Some VHFs are spread person to person through direct contact with symptomatic patients, body fluids, or cadavers or through inadequate infection control in a hospital setting (filoviruses, arenaviruses, CCHF virus). Zoonotic spread may occur from contact with the following:

* Livestock via slaughter or consumption of raw meat from infected animals and, potentially, unpasteurized milk (CCHF, RVF, Alkhurma viruses) * Bushmeat, likely via slaughter or consumption of infected animals (Ebola, Marburg viruses) * Rodents via inhalation of or contact with materials contaminated with rodent excreta (arenaviruses, hantaviruses) * Other reservoir species, such as bats (Ebola, Marburg viruses)

Vectorborne transmission also occurs via mosquito (RVF virus) or tick (CCHF, Omsk, Kyasanur Forest disease, Alkhurma viruses) bites or by crushing infected ticks.

EPIDEMIOLOGY

The viruses that cause VHFs are distributed over much of the globe. Each virus is associated with ?1 nonhuman host or vector species, restricting the virus and the initial contamination to the areas inhabited by these species. The diseases caused by these viruses are seen in people living in or having visited these areas. Humans are incidental hosts for these enzootic diseases; however, person-to-person transmission of some viruses can result in large human outbreaks. Specific viruses are addressed below. Ebola and Marburg: Filoviral Diseases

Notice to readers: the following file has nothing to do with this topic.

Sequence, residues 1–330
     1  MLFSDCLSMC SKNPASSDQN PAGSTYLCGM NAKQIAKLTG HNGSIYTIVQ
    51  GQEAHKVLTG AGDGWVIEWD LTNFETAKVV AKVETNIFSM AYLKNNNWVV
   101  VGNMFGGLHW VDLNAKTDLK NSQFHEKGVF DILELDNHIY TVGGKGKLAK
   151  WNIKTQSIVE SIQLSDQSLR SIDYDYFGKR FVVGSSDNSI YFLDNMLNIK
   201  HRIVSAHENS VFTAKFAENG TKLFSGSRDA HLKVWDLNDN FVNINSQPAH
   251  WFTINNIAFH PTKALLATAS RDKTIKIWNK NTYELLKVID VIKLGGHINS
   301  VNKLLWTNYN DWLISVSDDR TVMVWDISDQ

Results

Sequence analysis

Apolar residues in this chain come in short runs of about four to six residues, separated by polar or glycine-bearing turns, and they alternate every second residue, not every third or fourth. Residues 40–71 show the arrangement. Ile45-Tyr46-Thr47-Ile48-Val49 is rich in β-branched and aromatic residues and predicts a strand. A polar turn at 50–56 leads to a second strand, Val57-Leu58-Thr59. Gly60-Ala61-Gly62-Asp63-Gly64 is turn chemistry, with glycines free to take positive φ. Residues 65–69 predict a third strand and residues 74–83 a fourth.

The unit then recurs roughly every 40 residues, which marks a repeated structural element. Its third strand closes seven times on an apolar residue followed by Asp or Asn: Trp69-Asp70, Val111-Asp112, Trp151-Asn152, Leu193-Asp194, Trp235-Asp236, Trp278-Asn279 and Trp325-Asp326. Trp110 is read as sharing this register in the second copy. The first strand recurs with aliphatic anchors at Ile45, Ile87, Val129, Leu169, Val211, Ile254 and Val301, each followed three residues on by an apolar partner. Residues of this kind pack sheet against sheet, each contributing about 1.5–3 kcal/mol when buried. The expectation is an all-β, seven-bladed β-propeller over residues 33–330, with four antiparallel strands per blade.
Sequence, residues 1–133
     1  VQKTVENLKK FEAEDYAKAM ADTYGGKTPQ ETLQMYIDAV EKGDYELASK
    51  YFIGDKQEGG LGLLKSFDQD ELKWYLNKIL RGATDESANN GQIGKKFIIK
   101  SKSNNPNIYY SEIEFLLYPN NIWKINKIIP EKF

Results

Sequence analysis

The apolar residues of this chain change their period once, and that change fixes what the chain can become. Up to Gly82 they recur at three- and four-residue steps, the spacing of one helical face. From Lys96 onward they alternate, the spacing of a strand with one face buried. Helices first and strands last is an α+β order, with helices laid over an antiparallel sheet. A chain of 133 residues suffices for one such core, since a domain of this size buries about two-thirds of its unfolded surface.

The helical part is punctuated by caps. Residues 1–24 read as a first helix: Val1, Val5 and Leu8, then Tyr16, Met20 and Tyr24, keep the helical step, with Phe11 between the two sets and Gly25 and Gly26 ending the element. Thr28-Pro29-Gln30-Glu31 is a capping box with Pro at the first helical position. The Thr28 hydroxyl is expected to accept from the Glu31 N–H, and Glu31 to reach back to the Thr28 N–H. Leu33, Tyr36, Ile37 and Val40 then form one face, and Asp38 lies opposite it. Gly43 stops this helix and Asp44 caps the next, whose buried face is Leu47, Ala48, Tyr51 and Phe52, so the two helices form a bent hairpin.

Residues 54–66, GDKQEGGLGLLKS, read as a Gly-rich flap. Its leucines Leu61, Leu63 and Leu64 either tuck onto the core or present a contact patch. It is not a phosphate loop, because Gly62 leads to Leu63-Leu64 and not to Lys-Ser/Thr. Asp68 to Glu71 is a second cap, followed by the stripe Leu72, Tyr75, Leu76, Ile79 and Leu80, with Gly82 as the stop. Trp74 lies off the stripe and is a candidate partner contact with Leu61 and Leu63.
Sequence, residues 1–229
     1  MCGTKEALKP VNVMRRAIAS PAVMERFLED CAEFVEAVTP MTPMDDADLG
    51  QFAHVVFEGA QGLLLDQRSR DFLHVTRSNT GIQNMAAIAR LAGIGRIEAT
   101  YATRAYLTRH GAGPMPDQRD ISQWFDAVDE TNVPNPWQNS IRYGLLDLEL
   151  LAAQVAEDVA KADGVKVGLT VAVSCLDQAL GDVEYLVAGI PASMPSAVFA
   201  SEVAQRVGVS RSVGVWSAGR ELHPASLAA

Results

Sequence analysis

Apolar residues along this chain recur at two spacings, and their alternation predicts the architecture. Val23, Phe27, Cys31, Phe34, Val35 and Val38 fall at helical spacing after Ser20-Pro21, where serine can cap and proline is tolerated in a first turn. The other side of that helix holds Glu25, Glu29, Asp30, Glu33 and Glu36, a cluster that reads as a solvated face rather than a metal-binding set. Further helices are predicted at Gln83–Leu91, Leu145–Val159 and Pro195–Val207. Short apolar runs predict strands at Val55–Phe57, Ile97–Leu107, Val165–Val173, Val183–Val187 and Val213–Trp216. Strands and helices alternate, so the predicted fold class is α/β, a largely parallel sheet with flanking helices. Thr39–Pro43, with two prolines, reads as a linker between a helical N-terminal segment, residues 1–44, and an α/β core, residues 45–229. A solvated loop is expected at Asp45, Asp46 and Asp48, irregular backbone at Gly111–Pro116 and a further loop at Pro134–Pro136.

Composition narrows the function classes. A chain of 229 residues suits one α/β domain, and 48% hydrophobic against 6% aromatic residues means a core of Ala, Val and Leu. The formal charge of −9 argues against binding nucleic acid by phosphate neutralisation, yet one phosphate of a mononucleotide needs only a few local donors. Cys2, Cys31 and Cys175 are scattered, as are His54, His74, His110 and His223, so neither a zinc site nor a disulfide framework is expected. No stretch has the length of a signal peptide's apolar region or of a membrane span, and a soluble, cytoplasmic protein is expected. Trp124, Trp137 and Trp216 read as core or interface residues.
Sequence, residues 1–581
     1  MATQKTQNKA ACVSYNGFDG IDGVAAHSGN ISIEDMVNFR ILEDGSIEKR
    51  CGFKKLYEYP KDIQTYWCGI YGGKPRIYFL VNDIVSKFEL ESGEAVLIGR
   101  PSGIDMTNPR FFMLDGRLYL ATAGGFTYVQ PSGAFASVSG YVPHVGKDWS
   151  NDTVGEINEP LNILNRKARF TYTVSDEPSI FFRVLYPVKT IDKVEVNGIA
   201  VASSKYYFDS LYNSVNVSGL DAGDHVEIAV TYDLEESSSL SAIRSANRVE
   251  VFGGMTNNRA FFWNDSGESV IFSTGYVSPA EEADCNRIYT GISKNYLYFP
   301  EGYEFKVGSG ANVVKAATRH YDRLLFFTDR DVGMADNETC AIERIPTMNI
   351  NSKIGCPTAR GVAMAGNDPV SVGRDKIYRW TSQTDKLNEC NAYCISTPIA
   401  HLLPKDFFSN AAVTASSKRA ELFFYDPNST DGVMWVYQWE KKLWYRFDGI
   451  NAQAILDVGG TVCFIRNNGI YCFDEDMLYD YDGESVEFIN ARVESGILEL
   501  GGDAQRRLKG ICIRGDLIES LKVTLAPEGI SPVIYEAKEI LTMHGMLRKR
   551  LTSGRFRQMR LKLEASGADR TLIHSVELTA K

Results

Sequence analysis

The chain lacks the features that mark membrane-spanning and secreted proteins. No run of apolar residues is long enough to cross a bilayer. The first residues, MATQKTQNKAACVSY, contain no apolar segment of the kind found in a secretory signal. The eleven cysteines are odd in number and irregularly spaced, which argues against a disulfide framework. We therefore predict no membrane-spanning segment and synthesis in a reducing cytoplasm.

Ebola and Marburg viruses cause hemorrhagic fever in humans and nonhuman primates. Five species of Ebola virus have been identified: Côte d’Ivoire, Sudan, Zaire, Bundibugyo, and Reston. Countries with confirmed human cases of Ebola hemorrhagic fever include Republic of the Congo, Côte d’Ivoire, Democratic Republic of the Congo, Gabon, Sudan, and Uganda. Ebola-Reston virus is believed to be endemic in the Philippines and potentially in neighboring countries but has not been shown to cause human disease. Countries with confirmed human cases of Marburg hemorrhagic fever include Angola, Democratic Republic of the Congo, Kenya, Uganda, and possibly Zimbabwe.